What happened when a bankrupt artist moved to Hollywood with a suitcase full of clothes? Well, it turns out that he started a creative media empire that has touched the lives of millions in so many ways.
Years ago Mom packed three kids into a copper Gremlin and drove us all down to “Wallyworld.” On many hot summer days in Jersey City she would park us in the cool air-conditioned theater to watch double-features like Herbie Rides Again with Cinderella.
On Sunday nights our family tuned into the weekly Wonderful World of Disney movie. Years later I took my own kids to visit Disneyland and saw the magic in their eyes.
The Disney creative history reads like some biblical lineage - Disney begot John Lasseter who begot Pixar who begot Edward Catmull who begot Brad Bird. And so on..
Is it any wonder this company is currently valued at $120 billion with over 180,000 employees?
..or that they jealously guard their trademark? Woe be those who would think of painting Disney characters on a daycare nursery wall without the approval of their attorneys!
Where did it all start? How did a man and a mouse come to create this entertainment empire?
“I only hope that we don't lose sight of one thing - that it was all started by a mouse.” - Walt Disney
Dare to Be Curious
It takes courage to ask questions. Disney inspired web designer Rogie King says.. “Curiosity is key..” He says that Disney has always been an inspiration in everything he does - commitment to quality, theme, environment and storytelling.
Innovation takes this combination of courage and curiosity. Disney was the first to use sound for animation, then the first to use color. He received more Academy Awards than any other artist in his lifetime.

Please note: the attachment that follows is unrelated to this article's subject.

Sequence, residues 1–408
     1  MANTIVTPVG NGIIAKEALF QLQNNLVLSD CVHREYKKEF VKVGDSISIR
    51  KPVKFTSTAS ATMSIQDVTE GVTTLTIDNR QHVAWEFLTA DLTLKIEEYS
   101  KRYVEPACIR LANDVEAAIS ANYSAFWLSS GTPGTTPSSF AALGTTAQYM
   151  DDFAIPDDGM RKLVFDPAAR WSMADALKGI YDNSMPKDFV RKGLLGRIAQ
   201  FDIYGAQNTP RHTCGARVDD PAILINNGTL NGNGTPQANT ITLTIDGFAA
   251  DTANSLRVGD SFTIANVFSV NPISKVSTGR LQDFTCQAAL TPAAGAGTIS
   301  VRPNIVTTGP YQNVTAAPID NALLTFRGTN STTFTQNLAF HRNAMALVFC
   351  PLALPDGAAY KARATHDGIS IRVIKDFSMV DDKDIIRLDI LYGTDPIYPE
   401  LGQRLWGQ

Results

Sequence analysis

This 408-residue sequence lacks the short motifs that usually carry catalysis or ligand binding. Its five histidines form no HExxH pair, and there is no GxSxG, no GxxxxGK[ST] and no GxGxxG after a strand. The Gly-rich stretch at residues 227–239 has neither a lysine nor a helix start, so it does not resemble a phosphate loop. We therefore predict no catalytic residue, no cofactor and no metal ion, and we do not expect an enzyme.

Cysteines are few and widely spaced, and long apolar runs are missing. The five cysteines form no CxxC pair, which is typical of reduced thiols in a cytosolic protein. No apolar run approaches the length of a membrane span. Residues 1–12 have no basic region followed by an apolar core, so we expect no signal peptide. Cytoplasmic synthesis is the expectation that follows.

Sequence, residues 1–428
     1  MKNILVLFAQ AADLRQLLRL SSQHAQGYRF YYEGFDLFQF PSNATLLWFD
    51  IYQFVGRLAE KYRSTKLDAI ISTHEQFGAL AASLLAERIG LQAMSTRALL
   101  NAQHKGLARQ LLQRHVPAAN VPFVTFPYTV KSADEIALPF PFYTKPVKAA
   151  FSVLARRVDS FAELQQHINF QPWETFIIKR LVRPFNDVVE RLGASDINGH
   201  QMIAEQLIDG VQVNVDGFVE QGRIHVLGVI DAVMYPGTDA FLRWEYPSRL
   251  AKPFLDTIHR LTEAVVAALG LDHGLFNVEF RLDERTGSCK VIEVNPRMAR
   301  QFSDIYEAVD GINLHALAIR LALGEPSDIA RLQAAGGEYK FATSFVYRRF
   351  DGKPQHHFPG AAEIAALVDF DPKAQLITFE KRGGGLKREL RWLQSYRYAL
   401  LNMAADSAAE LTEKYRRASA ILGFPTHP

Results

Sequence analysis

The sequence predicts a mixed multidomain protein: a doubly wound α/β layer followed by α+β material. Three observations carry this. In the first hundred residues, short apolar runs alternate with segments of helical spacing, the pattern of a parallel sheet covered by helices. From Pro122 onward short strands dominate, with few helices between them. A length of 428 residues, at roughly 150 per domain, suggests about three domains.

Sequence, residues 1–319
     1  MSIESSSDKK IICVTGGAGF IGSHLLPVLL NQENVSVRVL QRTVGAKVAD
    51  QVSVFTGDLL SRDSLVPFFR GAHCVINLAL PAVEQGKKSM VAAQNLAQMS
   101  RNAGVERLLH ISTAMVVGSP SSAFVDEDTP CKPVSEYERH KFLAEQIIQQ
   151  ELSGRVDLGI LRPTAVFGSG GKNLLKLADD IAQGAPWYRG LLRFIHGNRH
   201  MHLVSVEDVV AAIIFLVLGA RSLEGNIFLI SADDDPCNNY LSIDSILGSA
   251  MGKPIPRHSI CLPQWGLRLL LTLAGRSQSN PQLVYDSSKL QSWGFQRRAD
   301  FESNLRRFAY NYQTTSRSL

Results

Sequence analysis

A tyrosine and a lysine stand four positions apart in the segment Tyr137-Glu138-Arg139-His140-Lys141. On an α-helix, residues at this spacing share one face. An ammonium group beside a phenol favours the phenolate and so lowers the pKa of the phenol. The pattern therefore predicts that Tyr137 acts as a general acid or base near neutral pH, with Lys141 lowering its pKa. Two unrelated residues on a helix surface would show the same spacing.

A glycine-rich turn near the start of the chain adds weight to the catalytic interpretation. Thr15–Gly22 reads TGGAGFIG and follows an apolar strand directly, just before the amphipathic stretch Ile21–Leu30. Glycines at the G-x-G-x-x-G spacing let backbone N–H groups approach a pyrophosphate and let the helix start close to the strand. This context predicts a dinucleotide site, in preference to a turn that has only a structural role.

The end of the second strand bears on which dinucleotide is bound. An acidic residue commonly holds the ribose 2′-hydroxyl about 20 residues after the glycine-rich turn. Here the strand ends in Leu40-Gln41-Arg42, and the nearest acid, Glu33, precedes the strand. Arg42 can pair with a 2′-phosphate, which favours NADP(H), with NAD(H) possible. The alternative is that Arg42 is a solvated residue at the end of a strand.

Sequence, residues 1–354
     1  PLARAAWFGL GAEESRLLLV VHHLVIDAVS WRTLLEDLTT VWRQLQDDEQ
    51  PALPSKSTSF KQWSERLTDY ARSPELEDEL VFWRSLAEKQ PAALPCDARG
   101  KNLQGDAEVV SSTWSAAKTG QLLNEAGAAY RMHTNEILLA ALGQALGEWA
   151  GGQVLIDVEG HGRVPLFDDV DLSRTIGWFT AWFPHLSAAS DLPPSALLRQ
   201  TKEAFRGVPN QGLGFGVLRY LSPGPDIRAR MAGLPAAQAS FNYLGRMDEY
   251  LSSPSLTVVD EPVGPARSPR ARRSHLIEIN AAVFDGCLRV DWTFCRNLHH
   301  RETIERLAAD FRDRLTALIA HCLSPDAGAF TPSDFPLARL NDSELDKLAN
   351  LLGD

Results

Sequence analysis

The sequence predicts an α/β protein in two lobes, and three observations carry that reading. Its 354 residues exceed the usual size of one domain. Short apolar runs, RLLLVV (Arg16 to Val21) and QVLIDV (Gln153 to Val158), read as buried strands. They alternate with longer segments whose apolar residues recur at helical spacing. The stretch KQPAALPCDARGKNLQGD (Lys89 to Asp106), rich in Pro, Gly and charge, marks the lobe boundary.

It Takes Three to Tango
Dreamer - give ourselves room to roam.. to explore and not limit ourselves. Too often we’re self-editing before we’ve given our creativity a chance to breathe. It’s playing with the wide-eyed energy of a child.
Realist - dreaming is great, but the realist rolls up their sleeves and gets to work, putting a plan into practice. While it’s great to visit the worlds of fantasy, we live in this world, and the value of visions is in making them real. Timelines and milestones measure our progress.
Critic - finally, test & test again. Taking in feedback and choosing your response is not the end. Failures disguised as mistakes are really opportunities to learn and adapt. As someone said, “You’ve paid for lesson.. so you might as well benefit from the lessons!”
Test your plan, look for problems, difficulties and unintended consequences. Evaluate them. Ask yourself "What could go wrong?" Think of what is missing, what is surplus, what the spins-offs will be. Define the context in which your plan is workable and problematic.
We tend to think of creativity as some wild, untamed animal. Disney showed how you can create systems that allow artists to be more creative.